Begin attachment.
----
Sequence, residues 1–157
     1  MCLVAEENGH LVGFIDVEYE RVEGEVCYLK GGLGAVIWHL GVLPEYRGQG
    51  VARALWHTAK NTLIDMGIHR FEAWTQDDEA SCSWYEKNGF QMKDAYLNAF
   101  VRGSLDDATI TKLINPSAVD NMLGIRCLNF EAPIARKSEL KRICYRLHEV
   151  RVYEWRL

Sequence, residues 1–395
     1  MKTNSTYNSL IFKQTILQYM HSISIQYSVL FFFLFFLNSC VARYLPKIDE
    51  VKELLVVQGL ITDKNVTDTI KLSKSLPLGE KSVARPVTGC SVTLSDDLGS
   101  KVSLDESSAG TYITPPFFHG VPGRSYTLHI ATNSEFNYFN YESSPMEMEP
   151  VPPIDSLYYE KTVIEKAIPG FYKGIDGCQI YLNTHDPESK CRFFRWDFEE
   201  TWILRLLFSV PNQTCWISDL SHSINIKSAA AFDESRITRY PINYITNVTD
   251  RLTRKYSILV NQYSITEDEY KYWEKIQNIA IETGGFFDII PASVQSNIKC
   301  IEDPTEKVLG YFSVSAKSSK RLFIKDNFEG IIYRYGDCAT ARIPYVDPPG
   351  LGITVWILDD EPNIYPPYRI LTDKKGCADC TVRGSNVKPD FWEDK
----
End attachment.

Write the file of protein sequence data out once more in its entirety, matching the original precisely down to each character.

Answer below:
Sequence, residues 1–157
     1  MCLVAEENGH LVGFIDVEYE RVEGEVCYLK GGLGAVIWHL GVLPEYRGQG
    51  VARALWHTAK NTLIDMGIHR FEAWTQDDEA SCSWYEKNGF QMKDAYLNAF
   101  VRGSLDDATI TKLINPSAVD NMLGIRCLNF EAPIARKSEL KRICYRLHEV
   151  RVYEWRL

Sequence, residues 1–395
     1  MKTNSTYNSL IFKQTILQYM HSISIQYSVL FFFLFFLNSC VARYLPKIDE
    51  VKELLVVQGL ITDKNVTDTI KLSKSLPLGE KSVARPVTGC SVTLSDDLGS
   101  KVSLDESSAG TYITPPFFHG VPGRSYTLHI ATNSEFNYFN YESSPMEMEP
   151  VPPIDSLYYE KTVIEKAIPG FYKGIDGCQI YLNTHDPESK CRFFRWDFEE
   201  TWILRLLFSV PNQTCWISDL SHSINIKSAA AFDESRITRY PINYITNVTD
   251  RLTRKYSILV NQYSITEDEY KYWEKIQNIA IETGGFFDII PASVQSNIKC
   301  IEDPTEKVLG YFSVSAKSSK RLFIKDNFEG IIYRYGDCAT ARIPYVDPPG
   351  LGITVWILDD EPNIYPPYRI LTDKKGCADC TVRGSNVKPD FWEDK